The maze of government rules can create unexpected outcomes. And that's certainly the case for 2018 Medicare premiums. While the standard Part B premium remains $134 a month, many beneficiaries will pay more for Part B. The culprit in this counterintuitive result? The hold-harmless provision.
Last year, this provision had a positive effect for most beneficiaries. For those whose Medicare premiums are automatically deducted from Social Security, the rule prevents premiums from rising more than the amount added to benefits by the annual cost-of-living adjustment.
In years when there is no Social Security COLA or a minimal COLA, such as 2017's 0.3%, Medicare premiums are reined in. Although the standard Part B premium for 2017 was $134 a month, the tiny COLA meant many people continued paying about $109 a month.
But inflation heated up slightly in the past year, resulting in a 2% COLA for 2018. That may still not seem like much, but for about 42% of beneficiaries it's enough to allow cover for Medicare premiums to rise to $134. One Retirement Report reader in this boat says he was disheartened to see the significant jump in his monthly Part B premium for 2018.
Hold-harmless is still kicking in for about 28% of beneficiaries in 2018. For those with lower Social Security benefit amounts, the 2% COLA isn't enough to let their Part B premiums rise all the way to $134. They'll pay less than the standard amount.
Groups that aren't held harmless, such as those who don't deduct their Medicare premiums from their Social Security benefits or new Medicare enrollees, will pay the standard $134 a month.
Some high incomers face surcharge spike
There's one other group not protected by the hold-harmless rule: high incomers. And they will pay premiums significantly higher than the standard amount, up to about $429 — and that's just for Part B. High incomers also face a surcharge as high as about $75 a month on Part D premiums. The surcharges for Parts B and D begin to kick in when adjusted gross income plus tax-exempt interest is more than $85,000 if single or $170,000 for married couples filing jointly.
While the premium surcharge amounts for Part B remain the same for 2018 (and are slightly lower for Part D), the income thresholds in the three highest tiers drop — subjecting some high incomers to higher costs. In 2017, for example, an individual with $140,000 of modified adjusted gross income would have been in the second tier, which ranged from $107,001 to $160,000, and charged about $268 a month.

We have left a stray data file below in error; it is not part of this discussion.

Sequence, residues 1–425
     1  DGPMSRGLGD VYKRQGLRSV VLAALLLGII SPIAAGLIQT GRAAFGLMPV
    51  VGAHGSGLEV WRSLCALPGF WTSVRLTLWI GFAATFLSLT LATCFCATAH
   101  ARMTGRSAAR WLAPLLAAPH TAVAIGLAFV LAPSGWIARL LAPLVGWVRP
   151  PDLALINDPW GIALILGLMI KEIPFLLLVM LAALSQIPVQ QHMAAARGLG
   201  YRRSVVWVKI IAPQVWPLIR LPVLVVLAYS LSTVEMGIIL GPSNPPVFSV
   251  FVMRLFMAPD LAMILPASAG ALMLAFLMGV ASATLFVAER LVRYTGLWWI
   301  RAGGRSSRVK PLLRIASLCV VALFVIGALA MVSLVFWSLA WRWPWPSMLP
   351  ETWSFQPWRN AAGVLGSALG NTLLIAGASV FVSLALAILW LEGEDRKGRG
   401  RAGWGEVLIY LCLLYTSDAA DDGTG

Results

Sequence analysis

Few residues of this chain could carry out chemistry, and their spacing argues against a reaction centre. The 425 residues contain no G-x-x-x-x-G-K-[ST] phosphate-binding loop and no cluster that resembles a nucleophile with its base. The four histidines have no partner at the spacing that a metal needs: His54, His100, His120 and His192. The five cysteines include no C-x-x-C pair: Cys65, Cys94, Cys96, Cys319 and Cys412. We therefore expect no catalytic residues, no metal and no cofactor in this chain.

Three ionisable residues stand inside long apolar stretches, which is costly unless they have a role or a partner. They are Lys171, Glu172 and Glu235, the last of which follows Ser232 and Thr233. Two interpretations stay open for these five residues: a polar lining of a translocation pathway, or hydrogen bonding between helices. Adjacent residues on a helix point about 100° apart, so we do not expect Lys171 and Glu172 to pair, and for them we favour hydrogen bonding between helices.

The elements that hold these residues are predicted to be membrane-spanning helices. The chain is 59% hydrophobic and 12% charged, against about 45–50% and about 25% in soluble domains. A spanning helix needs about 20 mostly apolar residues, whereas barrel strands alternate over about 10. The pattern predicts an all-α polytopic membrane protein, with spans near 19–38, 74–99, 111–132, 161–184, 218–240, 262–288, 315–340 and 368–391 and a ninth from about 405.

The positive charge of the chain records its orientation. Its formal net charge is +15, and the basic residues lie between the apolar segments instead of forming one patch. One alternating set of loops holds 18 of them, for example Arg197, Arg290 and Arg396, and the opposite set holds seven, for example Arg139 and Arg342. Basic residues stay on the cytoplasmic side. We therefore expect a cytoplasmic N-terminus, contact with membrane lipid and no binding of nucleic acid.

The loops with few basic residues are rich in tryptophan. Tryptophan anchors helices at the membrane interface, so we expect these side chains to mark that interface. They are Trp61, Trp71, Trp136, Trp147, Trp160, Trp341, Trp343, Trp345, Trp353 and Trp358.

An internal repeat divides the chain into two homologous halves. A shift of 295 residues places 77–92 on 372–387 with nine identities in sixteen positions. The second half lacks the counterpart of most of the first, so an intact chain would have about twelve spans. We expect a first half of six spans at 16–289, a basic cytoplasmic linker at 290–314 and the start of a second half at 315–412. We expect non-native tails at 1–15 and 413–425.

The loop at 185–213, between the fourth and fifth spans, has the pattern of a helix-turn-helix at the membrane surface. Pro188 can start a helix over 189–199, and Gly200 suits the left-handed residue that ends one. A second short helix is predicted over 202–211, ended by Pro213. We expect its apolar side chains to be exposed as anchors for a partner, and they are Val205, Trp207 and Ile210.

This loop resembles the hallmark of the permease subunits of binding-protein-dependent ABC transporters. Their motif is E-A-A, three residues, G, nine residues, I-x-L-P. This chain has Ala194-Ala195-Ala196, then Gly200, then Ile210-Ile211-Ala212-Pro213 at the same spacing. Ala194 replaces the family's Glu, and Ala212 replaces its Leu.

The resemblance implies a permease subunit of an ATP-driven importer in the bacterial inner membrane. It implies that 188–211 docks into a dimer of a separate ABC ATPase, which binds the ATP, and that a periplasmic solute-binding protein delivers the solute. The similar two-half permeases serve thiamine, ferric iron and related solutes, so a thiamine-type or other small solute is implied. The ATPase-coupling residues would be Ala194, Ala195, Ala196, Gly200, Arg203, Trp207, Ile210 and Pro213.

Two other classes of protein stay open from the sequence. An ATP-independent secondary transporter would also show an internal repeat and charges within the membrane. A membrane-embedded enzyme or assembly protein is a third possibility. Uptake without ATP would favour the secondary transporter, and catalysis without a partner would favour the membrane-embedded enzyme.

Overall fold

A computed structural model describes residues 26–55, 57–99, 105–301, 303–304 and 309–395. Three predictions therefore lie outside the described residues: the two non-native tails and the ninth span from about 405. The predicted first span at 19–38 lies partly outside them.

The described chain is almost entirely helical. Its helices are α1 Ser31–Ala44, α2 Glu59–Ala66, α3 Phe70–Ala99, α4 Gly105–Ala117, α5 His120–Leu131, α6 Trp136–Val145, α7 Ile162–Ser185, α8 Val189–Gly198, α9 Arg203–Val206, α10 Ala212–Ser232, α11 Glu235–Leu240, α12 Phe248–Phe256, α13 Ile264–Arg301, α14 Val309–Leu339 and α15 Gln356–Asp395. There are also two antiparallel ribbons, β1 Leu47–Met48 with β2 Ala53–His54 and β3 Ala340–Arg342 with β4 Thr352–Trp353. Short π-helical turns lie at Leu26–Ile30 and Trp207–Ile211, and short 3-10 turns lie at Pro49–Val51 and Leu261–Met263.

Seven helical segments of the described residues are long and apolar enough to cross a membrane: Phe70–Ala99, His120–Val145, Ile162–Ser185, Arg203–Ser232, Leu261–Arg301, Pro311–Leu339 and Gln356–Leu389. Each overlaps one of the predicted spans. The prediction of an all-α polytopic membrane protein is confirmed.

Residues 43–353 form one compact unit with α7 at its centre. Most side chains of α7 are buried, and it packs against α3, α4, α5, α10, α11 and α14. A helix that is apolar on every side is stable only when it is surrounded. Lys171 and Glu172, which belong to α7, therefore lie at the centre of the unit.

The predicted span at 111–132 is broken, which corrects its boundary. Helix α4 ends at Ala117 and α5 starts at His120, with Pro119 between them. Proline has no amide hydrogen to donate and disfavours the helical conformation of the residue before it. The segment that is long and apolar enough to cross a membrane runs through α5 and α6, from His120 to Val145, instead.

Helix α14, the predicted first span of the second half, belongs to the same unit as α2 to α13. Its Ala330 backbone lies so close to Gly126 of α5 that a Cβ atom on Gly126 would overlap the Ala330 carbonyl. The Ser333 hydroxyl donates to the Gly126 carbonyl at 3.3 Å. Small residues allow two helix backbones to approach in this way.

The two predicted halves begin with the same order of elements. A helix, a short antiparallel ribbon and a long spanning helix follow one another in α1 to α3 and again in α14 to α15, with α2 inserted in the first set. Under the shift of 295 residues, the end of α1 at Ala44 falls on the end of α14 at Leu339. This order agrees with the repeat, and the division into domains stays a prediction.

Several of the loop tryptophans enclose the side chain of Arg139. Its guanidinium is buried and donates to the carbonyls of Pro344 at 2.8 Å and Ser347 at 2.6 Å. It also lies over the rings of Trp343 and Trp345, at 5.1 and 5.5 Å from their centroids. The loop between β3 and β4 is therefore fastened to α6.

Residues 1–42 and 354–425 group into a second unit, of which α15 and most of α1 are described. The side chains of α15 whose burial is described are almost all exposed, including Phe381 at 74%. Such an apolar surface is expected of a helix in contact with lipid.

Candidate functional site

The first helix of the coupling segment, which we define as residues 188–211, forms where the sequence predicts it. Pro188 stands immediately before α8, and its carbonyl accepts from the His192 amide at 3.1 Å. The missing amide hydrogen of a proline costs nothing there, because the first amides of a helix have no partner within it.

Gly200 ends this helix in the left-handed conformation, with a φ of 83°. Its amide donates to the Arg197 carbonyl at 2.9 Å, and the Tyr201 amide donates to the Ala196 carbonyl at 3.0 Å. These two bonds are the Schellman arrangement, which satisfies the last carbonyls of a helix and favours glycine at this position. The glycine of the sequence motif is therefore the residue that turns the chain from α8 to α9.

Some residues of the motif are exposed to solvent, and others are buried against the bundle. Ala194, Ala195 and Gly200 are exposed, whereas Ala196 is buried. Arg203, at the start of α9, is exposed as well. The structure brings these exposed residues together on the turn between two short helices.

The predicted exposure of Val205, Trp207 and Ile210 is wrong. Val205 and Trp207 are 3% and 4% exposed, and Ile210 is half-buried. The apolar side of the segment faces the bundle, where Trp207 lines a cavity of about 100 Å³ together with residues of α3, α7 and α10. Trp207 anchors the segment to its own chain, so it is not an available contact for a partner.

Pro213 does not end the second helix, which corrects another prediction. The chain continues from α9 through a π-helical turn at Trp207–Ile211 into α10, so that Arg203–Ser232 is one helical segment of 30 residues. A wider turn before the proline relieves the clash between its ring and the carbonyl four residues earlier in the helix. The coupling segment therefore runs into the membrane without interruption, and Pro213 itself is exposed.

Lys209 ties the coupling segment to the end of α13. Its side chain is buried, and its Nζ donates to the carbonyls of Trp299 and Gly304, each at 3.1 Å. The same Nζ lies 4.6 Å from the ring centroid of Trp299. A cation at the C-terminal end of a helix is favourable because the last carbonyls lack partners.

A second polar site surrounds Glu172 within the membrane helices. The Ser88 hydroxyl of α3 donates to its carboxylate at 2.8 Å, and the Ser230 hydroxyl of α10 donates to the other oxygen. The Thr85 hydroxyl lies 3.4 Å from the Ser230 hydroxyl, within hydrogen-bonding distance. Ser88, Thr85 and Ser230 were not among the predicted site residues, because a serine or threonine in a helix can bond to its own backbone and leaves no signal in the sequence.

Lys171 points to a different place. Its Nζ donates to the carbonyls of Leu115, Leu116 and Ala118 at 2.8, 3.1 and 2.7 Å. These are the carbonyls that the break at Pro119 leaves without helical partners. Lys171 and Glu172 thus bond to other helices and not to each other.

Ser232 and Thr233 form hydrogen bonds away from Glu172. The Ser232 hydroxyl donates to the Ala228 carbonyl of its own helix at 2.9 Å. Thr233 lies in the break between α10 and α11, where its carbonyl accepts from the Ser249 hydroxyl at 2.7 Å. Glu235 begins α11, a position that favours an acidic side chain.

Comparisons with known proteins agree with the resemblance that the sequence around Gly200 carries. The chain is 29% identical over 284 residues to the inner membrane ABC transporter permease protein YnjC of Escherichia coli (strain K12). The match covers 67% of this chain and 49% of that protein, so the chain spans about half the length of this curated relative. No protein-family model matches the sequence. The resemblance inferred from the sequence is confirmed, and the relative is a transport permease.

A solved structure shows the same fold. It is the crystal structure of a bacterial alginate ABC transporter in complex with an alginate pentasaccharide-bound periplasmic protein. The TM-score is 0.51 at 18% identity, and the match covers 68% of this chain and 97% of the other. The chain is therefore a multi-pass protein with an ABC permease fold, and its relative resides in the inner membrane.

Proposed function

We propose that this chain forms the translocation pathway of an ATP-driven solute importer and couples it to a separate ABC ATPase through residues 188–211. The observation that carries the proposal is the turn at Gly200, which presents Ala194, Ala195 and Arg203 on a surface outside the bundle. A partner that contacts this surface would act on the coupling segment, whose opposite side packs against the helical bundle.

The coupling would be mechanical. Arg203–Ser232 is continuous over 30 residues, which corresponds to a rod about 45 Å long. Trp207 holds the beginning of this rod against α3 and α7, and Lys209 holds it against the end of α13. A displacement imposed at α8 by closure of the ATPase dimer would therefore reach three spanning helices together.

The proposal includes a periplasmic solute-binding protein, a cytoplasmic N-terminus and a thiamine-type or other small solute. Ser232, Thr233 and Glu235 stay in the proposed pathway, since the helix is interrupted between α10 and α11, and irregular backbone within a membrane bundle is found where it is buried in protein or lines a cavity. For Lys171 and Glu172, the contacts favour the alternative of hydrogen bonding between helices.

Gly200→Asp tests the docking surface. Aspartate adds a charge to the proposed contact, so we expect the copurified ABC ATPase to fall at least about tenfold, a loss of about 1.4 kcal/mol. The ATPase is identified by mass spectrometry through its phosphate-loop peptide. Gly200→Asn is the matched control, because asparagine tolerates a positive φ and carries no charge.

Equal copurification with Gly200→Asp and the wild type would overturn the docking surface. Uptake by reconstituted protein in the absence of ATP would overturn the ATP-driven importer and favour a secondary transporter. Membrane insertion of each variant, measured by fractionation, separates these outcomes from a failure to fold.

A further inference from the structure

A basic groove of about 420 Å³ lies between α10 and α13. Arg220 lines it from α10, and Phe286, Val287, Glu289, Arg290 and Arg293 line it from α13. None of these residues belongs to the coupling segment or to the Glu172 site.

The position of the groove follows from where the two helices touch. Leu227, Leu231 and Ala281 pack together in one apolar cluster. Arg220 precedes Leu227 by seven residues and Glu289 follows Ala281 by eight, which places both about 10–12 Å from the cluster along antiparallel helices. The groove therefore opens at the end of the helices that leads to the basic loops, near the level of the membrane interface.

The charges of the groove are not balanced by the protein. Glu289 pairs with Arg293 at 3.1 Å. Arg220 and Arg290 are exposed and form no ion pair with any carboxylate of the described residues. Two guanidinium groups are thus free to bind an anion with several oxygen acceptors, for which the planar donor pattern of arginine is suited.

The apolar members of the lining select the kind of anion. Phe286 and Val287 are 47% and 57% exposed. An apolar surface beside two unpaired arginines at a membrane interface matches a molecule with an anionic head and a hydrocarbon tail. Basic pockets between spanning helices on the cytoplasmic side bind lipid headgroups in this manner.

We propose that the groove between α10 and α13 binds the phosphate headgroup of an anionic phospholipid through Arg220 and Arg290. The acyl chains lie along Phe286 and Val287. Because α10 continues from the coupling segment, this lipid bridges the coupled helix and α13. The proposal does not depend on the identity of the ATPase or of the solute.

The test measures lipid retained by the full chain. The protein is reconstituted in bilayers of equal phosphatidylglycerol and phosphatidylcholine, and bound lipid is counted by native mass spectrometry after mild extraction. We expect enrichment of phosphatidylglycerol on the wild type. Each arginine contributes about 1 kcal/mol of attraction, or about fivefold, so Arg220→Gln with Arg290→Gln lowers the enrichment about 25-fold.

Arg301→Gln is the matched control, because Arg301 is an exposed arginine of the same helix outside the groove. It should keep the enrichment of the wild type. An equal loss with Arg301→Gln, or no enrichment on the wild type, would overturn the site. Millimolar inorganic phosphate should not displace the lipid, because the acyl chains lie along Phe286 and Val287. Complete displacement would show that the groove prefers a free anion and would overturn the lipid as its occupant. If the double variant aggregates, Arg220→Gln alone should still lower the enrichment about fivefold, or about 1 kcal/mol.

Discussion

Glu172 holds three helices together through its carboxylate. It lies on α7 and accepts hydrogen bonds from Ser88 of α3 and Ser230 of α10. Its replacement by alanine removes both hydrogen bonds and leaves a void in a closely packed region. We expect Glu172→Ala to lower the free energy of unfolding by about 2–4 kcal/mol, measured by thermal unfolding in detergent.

But in 2018 that individual moves to the third tier, which ranges from $133,501 to $160,000, and will pay about $348 a month — a spike of about 30% due solely to the shifting income thresholds. See the box for 2018 details.
If you're threatened by an income-related surcharge, check to see if you qualify for relief. The government determines who owes surcharges by looking at tax returns from two years ago. So 2018 surcharges are based on income reported on 2016 returns.
If your income has dropped as a result of a qualifying life-changing event, such as death of a spouse, divorce or retirement, you can ask for relief, and the government will use your income from a more recent tax year to determine if you have to pay the surcharge. File Form SSA-44 with the Social Security Administration to request relief and provide documentation of the qualifying event. Learn more at socialsecurity.gov.
But note: A spike in income, such as from the sale of a house, is not considered a life-changing event. If your income spiked in one year but fell the next, you'll pay the surcharge until the lower year's tax return is used to determine your premiums.